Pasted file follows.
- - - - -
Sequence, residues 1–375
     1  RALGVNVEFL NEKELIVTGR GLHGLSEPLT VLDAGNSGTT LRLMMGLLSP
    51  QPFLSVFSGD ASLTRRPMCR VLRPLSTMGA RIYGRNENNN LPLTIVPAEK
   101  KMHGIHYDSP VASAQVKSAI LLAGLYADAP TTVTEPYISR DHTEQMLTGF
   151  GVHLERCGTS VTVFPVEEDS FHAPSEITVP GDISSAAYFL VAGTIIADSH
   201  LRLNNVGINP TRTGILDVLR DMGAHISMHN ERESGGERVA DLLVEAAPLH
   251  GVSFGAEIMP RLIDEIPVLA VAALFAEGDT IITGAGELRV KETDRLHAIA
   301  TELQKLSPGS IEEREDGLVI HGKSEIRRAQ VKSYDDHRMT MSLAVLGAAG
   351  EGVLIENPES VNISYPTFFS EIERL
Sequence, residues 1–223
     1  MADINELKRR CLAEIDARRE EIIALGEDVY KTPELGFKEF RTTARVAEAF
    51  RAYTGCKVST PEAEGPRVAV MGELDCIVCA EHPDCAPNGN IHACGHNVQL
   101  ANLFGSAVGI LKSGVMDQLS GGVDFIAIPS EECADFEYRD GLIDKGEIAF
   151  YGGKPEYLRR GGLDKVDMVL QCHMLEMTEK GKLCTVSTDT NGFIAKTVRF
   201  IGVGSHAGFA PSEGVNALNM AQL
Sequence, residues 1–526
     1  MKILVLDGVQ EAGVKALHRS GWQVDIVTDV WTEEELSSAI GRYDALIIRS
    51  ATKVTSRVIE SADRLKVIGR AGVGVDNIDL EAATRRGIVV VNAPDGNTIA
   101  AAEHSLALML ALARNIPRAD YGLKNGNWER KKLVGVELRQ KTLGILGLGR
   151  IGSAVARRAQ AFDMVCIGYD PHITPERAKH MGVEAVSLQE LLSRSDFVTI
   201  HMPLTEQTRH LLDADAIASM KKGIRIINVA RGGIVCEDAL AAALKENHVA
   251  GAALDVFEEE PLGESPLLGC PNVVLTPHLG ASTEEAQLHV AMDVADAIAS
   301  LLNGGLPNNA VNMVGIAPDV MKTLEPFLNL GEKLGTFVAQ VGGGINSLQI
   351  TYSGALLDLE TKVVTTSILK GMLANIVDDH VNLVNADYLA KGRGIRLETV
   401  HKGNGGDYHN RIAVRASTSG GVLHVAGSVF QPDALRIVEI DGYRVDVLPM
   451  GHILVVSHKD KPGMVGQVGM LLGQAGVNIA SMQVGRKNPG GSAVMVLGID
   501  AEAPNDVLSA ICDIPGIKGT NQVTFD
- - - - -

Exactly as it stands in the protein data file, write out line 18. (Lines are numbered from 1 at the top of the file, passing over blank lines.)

    51  ATKVTSRVIE SADRLKVIGR AGVGVDNIDL EAATRRGIVV VNAPDGNTIA